By Jeannie Ewing

Untitled by komposita via Pixabay. CC0 Creative Commons

Surely, I wait for the Lord; who bends down to me and hears my cry…And puts a new song in my mouth, a hymn to our God.
Many shall look on in fear and they shall trust in the Lord” (Psalm 40: 2, 4)


Waiting is a particularly difficult spiritual concept for me to learn. All my life I’ve been considered bull-headed, opinionated, and feisty. In fact, one of my good friends from college frequently called me, “Firecracker.” She said it was a term of endearment, but I didn’t take it that way.

For some reason, I’ve always been drawn to the zealous saints who were unabashed and resolved to remain faithful to God, regardless of the cost. St. Peter was impulsive and brash, yes, because he cut off the ear of the Roman guard shortly before Jesus was arrested in the Garden of Gethsemane. And he was weak, denying his involvement with Jesus three times. Yet he was named Petra – “the rock” – upon which our entire Catholic Church was built! Peter was not patient, but his zeal eventually was tempered to a level in which he was able to do great things for God, but with prudence and thoughtfulness.

I’ve learned in my few decades on this earth that waiting is closely related to trusting in God. For example, when I was a young girl, I had a lofty dream of becoming a published author one day. Of course, this was for a young adult fictional series in which I would be the author-illustrator. What happened, thirty years later, is that I did indeed become a published author, just not of the genre of books I imagined and not in the way I could have fathomed.

God was asking me to wait on His timing, not mine, and to trust in His plans for my life, just as the Psalmist is so certain of today.

Similarly, my husband and I are good friends with a couple who has been married over thirteen years and suffered from six to eight miscarriages (some were suspected to be twins). They only this year welcomed their first live baby girl into the world. Through their agony and the incomparable darkness they experienced, they shared with us that God was asking them to trust in His plan.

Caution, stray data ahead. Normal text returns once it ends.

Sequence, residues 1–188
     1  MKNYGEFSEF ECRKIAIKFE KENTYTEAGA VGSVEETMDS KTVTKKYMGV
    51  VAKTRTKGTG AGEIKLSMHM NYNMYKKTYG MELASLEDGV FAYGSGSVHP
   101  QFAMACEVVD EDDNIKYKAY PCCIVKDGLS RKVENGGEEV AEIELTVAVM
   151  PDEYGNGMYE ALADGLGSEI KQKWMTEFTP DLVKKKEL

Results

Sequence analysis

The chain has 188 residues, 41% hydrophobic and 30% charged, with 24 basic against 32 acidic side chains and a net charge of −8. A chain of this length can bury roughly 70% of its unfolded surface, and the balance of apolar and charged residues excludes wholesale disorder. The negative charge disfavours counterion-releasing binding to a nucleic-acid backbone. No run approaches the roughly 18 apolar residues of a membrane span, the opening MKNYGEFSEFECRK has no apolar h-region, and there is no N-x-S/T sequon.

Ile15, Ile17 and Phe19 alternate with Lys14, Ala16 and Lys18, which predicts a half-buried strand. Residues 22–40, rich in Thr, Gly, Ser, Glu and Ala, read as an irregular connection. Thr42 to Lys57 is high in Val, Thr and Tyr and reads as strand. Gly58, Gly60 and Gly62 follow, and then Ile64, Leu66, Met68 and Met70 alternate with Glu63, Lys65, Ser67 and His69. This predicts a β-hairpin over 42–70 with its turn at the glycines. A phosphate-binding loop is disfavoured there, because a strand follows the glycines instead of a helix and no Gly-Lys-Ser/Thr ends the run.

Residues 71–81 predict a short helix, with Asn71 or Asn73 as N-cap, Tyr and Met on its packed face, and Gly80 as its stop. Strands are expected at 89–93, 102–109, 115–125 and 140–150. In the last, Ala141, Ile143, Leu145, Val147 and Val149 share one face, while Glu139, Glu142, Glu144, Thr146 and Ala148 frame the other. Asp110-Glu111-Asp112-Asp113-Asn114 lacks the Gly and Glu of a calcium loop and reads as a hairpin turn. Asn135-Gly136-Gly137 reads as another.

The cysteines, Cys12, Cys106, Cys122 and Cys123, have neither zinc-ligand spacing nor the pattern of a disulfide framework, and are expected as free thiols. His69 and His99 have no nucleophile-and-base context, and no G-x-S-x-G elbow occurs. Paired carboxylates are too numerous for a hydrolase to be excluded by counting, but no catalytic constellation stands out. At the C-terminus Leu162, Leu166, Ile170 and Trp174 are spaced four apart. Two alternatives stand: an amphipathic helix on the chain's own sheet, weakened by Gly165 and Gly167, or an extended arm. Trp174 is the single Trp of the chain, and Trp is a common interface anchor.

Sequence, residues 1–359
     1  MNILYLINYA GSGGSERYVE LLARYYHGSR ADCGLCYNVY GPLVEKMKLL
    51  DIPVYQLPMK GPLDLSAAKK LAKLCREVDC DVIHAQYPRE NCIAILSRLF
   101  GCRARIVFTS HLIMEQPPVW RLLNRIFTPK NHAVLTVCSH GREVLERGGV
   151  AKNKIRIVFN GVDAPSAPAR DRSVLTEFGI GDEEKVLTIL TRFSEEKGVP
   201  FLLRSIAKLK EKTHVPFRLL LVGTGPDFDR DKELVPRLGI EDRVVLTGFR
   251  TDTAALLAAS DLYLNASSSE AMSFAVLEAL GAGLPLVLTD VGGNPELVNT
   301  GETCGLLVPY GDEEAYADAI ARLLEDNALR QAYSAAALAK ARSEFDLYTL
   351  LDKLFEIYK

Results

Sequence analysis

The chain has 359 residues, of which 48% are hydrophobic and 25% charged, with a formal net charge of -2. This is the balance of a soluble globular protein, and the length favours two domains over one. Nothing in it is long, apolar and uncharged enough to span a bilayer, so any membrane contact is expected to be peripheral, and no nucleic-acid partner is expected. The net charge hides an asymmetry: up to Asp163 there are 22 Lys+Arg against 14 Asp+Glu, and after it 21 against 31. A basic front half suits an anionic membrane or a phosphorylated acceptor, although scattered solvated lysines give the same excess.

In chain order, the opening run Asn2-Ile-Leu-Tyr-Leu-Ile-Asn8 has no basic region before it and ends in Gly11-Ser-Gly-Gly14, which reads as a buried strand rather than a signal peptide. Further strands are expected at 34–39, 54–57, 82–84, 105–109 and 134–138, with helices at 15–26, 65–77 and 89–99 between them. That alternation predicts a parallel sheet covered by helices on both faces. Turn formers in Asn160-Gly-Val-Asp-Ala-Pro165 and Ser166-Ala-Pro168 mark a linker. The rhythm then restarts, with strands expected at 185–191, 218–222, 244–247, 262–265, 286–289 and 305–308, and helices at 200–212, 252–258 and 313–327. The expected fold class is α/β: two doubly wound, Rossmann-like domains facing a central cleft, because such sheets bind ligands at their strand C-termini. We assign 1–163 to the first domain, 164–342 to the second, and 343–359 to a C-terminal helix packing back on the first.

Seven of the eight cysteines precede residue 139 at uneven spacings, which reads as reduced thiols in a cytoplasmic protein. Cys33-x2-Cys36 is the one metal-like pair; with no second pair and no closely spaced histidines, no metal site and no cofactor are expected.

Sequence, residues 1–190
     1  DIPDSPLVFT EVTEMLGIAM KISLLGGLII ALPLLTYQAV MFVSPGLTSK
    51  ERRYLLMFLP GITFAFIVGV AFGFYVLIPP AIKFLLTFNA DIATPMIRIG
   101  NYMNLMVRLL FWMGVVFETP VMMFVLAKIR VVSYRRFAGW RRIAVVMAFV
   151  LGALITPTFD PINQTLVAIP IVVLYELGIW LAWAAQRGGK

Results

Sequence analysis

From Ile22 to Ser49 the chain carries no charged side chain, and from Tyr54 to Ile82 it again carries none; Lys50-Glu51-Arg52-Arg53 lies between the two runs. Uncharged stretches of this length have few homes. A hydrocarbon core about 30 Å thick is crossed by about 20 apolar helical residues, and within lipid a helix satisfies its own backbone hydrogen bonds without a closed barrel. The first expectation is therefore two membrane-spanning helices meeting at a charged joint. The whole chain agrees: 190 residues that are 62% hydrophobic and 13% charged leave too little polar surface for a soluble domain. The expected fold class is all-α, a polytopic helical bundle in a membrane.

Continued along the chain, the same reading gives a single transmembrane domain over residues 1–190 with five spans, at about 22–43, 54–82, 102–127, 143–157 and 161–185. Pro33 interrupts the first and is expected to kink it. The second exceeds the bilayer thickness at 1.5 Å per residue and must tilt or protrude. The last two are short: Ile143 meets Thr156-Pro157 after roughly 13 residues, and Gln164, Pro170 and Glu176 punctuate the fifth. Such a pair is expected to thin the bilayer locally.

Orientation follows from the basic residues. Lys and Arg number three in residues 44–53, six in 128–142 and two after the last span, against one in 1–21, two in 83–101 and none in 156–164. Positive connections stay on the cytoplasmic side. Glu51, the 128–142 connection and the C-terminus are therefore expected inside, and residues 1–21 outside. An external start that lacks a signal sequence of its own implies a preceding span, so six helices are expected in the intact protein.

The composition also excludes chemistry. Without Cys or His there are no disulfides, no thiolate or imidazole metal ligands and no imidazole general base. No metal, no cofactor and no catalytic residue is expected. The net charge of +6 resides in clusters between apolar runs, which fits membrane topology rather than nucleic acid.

Waiting and trusting means that we cannot expect to have all of the answers to life’s greatest mysteries. It means we must accept that we will never know some things fully on this side of Heaven. God has His infinite reasons why we are not privy to all the details of how and why certain tragedies or losses befall us. What He does promise us is that He is faithful and merciful.

The times in our lives when we are asked to endure the painful deserts of waiting, in which nothing seems to be moving forward and we feel stuck, are the very times God is pruning us for something greater.

What are some times in your life when waiting has been especially difficult, and how do you think God was chiseling away at your character to make you more resilient and virtuous?

About the Author:

Jeannie Ewing believes the world focuses too much on superficial happiness and then crumbles when sorrow strikes.  Because life is about more than what makes us feel happy, she writes about the hidden value of suffering and even discovering joy in the midst of grief.  As a disability advocate, Jeannie shares her heart as a mom of two girls with special needs in Navigating Deep Waters: Meditations for Caregivers and is the author of From Grief to Grace: The Journey from Tragedy to TriumphJeannie is a frequent guest on Catholic radio and contributes to several online and print Catholic magazines For more information, please visit her websites or